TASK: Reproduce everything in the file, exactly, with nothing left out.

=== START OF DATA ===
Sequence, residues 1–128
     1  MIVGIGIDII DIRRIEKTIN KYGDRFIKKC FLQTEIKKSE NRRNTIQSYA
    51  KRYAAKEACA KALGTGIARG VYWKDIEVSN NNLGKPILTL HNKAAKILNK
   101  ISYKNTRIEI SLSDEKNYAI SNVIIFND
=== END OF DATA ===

Sequence, residues 1–128
     1  MIVGIGIDII DIRRIEKTIN KYGDRFIKKC FLQTEIKKSE NRRNTIQSYA
    51  KRYAAKEACA KALGTGIARG VYWKDIEVSN NNLGKPILTL HNKAAKILNK
   101  ISYKNTRIEI SLSDEKNYAI SNVIIFND